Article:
In addition to above there are various other matters. Like Lease of land. Gift of movable and immovable property. Exchange of properties. Mortgage of properties. Rights and duties of all the persons involved in all these transactions. These are other matters covered in this book.
This book deals with each aspect of Transfer of Properties Act, 1882 as applicable in India and also contains relevant leading precedents on most of the subjects which act as examples of the problem.
A unique feature of this ebook is that most of the cases/precedents/judgments referred and relied have relevant para extracted in the ebook with live links to the judgments. No more searching for relevant judgments which are just a click away.
A must for a legal practitioner or a litigant alike.
This ebook is now available at Amazon Kindle as well as Google Books and Google Play Store. Click on the respective link to read free sample.
Supreme Court: Triple talaq is manifestly arbitrary.
(An abstract of the decision of Supreme Court dated 22 August 2017)
Types of Talaq in Muslim Law
‘Talaq-e-hasan’ is pronounced in the same manner, as ‘talaq-e-ahsan’. Herein, in place of a single pronouncement, there are three successive pronouncements. After the first pronouncement of divorce, if there is resumption of cohabitation within a period of one month, the pronouncement of divorce is treated as having been revoked.
The same procedure is mandated to be followed, after the expiry of the first month (during which marital ties have not been resumed). ‘Talaq’ is pronounced again. After the second pronouncement of ‘talaq’, if there is resumption of
cohabitation within a period of one month, the pronouncement of divorce is treated as having been revoked. It is significant to note, that the first and the second pronouncements may be revoked by the husband. If he does so,
either expressly or by resuming conjugal relations, ‘talaq’ pronounced by the husband becomes ineffective, as if no ‘talaq’ had ever been expressed. If the third ‘talaq’ is pronounced, it becomes irrevocable.
Therefore, if no revocation is made after the first and the second declaration, and the husband makes the third pronouncement, in the third ‘tuhr’ (period of purity), as soon as the third declaration is made, the ‘talaq’ becomes
irrevocable, and the marriage stands dissolved, whereafter, the wife has to observe the required ‘iddat’ (the period after divorce, during which a woman cannot remarry. Continue reading “Triple talaq is sinful and no more lawful in India”
Application of mind
Framing of charge is the first major step in a criminal trial where the court is expected to apply its mind to the entire record and documents placed therewith before the court. Taking cognizance of an offence has been stated to necessitate an application of mind by the court but framing of charge is a major event where the court considers the possibility of discharging the accused of the offence with which he is charged or requiring the accused to face trial. There are different categories of cases where the court may not proceed with the trial and may discharge the accused or pass such other orders as may be necessary keeping in view the facts of a given case.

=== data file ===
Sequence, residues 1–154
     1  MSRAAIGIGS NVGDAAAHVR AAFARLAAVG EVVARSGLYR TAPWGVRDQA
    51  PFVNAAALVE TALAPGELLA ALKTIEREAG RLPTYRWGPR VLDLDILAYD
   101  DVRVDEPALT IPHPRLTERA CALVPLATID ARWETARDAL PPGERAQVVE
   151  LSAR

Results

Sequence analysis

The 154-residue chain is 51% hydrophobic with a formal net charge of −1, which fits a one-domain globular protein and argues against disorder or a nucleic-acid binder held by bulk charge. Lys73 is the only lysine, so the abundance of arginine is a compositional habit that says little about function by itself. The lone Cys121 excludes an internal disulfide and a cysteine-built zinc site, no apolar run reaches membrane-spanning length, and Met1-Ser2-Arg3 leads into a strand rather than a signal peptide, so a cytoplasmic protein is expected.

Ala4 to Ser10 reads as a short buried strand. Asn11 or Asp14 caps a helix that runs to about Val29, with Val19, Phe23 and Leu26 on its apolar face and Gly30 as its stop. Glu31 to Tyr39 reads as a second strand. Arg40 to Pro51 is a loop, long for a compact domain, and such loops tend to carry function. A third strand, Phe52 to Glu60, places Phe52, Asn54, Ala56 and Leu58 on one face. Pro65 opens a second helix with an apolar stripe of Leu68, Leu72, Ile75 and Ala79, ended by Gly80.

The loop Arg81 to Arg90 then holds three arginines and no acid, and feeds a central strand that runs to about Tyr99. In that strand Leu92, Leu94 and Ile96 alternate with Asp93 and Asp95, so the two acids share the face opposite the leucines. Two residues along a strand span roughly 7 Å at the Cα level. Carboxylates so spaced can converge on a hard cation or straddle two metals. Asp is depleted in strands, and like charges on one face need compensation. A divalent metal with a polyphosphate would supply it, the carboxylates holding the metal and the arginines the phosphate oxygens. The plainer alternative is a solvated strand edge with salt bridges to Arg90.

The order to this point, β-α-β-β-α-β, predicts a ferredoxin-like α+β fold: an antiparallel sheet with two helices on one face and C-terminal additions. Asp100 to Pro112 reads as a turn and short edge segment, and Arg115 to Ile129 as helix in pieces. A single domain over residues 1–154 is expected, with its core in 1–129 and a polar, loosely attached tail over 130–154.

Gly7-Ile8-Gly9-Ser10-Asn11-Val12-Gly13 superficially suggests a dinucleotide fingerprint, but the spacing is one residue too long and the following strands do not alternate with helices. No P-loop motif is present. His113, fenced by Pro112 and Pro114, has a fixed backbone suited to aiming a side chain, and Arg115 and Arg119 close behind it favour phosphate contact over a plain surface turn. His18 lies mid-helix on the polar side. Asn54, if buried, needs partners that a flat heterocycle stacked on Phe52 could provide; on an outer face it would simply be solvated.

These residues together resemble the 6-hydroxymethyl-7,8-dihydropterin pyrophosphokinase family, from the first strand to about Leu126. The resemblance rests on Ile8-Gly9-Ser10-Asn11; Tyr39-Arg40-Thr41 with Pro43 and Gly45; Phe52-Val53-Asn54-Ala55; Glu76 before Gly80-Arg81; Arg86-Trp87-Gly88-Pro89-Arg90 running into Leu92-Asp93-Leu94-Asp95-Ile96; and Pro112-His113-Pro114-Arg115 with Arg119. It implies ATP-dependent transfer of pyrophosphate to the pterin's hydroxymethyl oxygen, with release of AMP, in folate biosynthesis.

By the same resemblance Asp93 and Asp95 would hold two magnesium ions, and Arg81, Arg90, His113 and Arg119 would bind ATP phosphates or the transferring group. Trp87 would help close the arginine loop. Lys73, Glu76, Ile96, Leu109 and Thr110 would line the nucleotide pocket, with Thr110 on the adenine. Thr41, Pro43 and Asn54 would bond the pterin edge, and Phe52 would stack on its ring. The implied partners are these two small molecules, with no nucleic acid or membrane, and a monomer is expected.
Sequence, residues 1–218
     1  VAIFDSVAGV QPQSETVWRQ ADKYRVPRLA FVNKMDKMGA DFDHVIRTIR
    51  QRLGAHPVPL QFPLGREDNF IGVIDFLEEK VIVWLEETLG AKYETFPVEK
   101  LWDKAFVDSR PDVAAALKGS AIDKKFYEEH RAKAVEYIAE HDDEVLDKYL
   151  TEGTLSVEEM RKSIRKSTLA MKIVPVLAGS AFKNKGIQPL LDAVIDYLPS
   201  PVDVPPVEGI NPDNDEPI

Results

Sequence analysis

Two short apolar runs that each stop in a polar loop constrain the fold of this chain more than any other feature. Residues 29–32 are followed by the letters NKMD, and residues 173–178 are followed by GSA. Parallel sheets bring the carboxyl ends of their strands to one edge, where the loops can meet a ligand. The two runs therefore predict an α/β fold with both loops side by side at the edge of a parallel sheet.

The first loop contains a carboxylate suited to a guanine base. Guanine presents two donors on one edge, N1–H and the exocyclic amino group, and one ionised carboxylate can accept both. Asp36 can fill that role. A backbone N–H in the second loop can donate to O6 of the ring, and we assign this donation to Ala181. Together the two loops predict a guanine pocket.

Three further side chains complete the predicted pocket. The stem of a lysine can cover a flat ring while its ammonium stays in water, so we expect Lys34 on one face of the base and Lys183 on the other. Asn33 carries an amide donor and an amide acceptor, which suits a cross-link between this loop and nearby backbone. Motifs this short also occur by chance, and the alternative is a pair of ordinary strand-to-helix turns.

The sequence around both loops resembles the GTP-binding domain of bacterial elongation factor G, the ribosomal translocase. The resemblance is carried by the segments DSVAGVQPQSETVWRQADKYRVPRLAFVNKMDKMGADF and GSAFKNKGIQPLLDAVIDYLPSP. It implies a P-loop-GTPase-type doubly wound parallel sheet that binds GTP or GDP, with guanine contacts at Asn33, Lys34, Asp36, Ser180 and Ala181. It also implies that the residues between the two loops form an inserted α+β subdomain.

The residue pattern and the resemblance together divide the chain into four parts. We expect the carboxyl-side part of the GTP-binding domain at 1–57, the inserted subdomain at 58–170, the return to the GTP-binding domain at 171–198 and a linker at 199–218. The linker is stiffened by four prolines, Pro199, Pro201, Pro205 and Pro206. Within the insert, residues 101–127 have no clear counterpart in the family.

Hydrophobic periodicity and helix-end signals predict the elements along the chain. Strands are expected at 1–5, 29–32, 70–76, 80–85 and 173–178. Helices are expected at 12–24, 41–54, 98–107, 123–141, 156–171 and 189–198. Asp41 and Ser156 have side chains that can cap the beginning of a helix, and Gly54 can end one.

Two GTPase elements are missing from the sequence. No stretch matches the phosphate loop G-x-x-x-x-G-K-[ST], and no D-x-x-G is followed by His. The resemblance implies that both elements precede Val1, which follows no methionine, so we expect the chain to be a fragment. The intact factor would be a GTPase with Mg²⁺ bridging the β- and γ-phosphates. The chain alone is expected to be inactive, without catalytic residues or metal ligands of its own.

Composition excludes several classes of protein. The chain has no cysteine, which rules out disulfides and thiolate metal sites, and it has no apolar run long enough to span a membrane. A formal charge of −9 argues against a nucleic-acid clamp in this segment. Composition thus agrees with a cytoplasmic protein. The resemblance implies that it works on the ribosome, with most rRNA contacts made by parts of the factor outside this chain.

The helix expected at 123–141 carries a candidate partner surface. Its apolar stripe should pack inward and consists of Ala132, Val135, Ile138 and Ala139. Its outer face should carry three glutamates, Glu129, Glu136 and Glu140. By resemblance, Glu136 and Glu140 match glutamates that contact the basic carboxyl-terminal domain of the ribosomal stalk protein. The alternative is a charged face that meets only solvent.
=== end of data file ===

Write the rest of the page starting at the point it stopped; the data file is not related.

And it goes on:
Continue reading “Framing of Charge”
Section 392 of the Penal Code which provides for robbery is as under:
“Whoever commits robbery shall be punished with rigorous imprisonment for a term which may extend to ten years, and shall also be liable to fine; and, if the robbery be committed on the highway between sunset and sunrise, the imprisonment may be extended to fourteen years.”
As per Section 397, the sentence of imprisonment to be awarded under Section 392 cannot be less than 7 years if at the time of committing robbery the offender uses any deadly weapon or causes grievous hurt to any person or attempts to cause death or grievous hurt to any person.
Meaning of ‘uses’
A difficulty arose in several High Courts as to the meaning of the word “uses” in Section 397. The term ‘offender’ in that section, as rightly held by several High Courts, is confined to the offender who uses any deadly weapon- The use of a deadly weapon by one offender at the time of committing robbery cannot attract Section 397 for the imposition of the minimum punishment no another offender who had not used any deadly weapon. Continue reading “Robbery with Air Gun”
Right to privacy debate
Whether citizens of India have a fundamental right of privacy?
The controversy about right to privacy has been argued in a larger constitution bench of nine judges and judgement has been reserved. But what exactly is the controversy?
The fourth Amendment in the Constitution of USA provide following clause:
The right of the people to be secure in their persons, houses, papers, and effects, against unreasonable searches and seizures, shall not be violated, and no Warrants shall issue, but upon probable cause, supported by Oath or affirmation, and particularly describing the place to be searched, and the persons or things to be seized.
Constitution of India has no such clause but in some of the cases the right to privacy has been read into the right to life because the life means a meaningful life and not merely an animal existence. Thus to make life more than animal existence, privacy is held to be part of right to life guaranteed by article 21 o Constitution of India, which is as under:
No person shall be deprived of his life or personal liberty except according to procedure established by law.
Continue reading “Fundamental Right to Privacy: Does it exist?”